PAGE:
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This is a guest post written by Janine from Hanging out with Healthy – follow Janine on facebook: https://www.facebook.com/hangingoutwithhealthy


Hi, my name is Neen and I’ve been on a healthy journey for a while now. Sometimes I get it just right and sometimes I get it soooo wrong. I began blogging my journey so that others didn’t feel alone on theirs, to make me accountable to mine and to add an authentic and genuine word to the often confusing and conflicting world of fitness, nutrition and overall wellness.


I am an ordinary girl, living an ordinary life whilst trying to achieve some extraordinary changes to my physical, nutritional and emotional health. I write with humour, honesty, the occasional swear word and with no preaching. My blogs are to make you smile, think and question whether you too could be just that ickle bit more healthy.


I’m glad you swung by, come back soon, the door is always open and everyone’s welcome.




The 2015 London Marathon is on Sunday April 26th and with the ballot having just been drawn, all successful applicants will have just seven months to train, fuel and prepare their bodies for this fantastic challenge.   Last year, in the run up to the big day, I had a friend who was suffering from feelings of exhaustion and burn out halfway through her training. Fatigue can be a sign that the body is making physiological changes that improve ones physical ability, but it can also signal other imbalances such as anaemia.


There are many different types of anaemia that can affect us. As runners, we are most susceptible to “iron deficiency” anaemia. Anaemia occurs when the body doesn’t have enough healthy red blood cells (RBC). Hemoglobin is a protein found within our red blood cells that is responsible for carrying oxygen to our muscles, this iron-containing protein cannot perform it’s job properly without…. Iron! It cannot drive the oxygen to our muscles without it and when the body doesn’t get enough oxygen to it’s muscles, tiredness sets in; a debilitating and exhausting lethargy that can make it difficult to carry out even normal everyday activities.   Anaemia can be caused by blood loss (which is common in menstruating women), chronic illness, gastrointestinal disorders and the destruction of RBC.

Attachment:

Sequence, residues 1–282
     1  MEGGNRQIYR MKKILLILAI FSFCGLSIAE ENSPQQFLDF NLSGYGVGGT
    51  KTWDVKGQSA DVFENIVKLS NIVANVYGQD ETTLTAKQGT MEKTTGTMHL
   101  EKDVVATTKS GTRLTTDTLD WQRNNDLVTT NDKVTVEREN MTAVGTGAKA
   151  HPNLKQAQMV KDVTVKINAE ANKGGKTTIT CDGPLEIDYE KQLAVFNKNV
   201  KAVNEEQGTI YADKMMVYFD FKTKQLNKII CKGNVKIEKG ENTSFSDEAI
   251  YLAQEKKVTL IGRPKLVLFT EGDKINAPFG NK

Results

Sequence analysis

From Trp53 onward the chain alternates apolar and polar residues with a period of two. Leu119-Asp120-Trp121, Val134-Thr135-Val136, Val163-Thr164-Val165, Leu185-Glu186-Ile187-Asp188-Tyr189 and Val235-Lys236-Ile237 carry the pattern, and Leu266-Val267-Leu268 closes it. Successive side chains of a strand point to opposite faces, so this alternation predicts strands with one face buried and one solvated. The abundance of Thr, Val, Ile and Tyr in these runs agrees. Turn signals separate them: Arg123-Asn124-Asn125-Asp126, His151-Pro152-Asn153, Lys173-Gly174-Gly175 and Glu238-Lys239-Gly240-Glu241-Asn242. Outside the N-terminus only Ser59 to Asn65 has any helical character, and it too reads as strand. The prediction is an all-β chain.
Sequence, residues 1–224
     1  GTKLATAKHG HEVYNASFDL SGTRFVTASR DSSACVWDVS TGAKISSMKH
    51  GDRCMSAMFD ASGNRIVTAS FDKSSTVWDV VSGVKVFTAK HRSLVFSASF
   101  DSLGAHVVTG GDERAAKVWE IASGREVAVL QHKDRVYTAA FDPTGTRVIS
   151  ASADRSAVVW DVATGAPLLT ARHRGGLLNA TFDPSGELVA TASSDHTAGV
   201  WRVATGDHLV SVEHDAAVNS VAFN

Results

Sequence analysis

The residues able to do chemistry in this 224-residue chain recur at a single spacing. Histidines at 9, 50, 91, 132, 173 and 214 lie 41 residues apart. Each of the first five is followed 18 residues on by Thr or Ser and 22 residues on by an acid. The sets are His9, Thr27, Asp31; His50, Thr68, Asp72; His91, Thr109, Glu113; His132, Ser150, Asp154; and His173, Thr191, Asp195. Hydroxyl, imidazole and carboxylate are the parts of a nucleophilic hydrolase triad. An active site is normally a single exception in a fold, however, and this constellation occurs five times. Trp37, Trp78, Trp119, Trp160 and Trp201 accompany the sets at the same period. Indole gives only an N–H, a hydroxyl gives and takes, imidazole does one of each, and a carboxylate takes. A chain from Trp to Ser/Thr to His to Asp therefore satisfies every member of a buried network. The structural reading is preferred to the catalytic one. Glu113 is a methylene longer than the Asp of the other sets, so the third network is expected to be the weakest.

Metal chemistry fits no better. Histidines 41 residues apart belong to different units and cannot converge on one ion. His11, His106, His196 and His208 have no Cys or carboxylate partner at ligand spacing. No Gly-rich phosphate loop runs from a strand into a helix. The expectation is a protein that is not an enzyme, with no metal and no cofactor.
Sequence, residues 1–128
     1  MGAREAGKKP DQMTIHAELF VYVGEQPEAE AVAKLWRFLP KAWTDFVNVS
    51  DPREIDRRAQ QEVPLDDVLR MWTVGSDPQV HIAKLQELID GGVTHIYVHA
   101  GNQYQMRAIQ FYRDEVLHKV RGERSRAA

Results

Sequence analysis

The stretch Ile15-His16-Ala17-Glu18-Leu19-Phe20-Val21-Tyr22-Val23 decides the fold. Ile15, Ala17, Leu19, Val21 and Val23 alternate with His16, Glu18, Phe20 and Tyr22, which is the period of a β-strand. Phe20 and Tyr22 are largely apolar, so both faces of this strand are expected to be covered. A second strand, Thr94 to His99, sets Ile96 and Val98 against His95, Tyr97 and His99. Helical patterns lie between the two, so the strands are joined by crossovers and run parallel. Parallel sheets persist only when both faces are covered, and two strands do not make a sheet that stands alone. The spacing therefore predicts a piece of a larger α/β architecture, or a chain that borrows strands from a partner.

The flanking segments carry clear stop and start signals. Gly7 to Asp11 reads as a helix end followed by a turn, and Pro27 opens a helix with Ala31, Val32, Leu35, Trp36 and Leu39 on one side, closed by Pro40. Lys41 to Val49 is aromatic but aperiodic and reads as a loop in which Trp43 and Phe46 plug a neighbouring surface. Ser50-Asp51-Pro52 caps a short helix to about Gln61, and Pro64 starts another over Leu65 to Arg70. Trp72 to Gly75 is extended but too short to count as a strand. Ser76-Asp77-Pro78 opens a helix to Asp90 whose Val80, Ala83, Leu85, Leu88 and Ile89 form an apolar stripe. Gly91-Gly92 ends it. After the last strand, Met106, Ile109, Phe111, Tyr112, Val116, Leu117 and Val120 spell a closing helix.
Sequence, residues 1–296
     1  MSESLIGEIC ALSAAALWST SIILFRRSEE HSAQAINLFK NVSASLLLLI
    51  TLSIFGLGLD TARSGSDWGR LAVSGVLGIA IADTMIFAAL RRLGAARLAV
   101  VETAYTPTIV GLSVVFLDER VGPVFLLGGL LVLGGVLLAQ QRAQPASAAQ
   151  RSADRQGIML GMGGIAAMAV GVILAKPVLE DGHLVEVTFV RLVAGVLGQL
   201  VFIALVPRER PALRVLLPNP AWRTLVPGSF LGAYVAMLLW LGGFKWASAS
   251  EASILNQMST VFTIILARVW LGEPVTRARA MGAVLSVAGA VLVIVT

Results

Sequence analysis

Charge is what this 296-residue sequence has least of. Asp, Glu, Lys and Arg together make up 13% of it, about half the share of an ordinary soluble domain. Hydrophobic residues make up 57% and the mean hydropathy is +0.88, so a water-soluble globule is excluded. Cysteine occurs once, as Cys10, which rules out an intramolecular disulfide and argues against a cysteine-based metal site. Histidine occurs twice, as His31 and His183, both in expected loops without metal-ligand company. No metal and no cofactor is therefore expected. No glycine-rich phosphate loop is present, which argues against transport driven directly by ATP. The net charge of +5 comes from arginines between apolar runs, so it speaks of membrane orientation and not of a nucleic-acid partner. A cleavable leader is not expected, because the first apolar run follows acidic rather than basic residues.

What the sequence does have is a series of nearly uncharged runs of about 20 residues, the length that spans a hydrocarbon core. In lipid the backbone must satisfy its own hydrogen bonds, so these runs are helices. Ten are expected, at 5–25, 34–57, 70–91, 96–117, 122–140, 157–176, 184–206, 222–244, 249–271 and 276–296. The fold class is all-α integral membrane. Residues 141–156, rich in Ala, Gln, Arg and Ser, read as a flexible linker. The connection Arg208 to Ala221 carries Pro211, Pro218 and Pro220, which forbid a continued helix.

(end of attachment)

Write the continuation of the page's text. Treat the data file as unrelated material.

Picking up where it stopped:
Footstrike hemolysis is an example of how RBC can be destroyed. Red blood cells split as the foot hits the ground, they are also very vulnerable to oxidative stress which is exaggerated as a result of such exercise. Sweat loss is also another contributor to anaemia as small amounts of iron are lost in sweat, especially when running in hot or humid conditions.


There are a few things you can do to avoid hemolysis, (1) wearing cushioned running shoes; (2) losing weight; (3) running “light on the feet;” and (4) running on soft surfaces such as grass or dirt roads. Another way we can help ourselves as runners is to consume the best source of absorbable iron: red meat. While there are other sources of iron (including dark green leafy vegetables, legumes, egg yolk, and oysters), the number one champion in terms of iron that is most our bodies most readily absorb comes in the form of “heme” iron, which is derived from animal proteins like beef. Fluid intake and ensuring electrolyte replacement is also key.


There has been a lot written about anaemia in runners so please do your research, find a good trainer and if necessary a nutritionist and make sure you look after yourself during training so you are race fit on the day.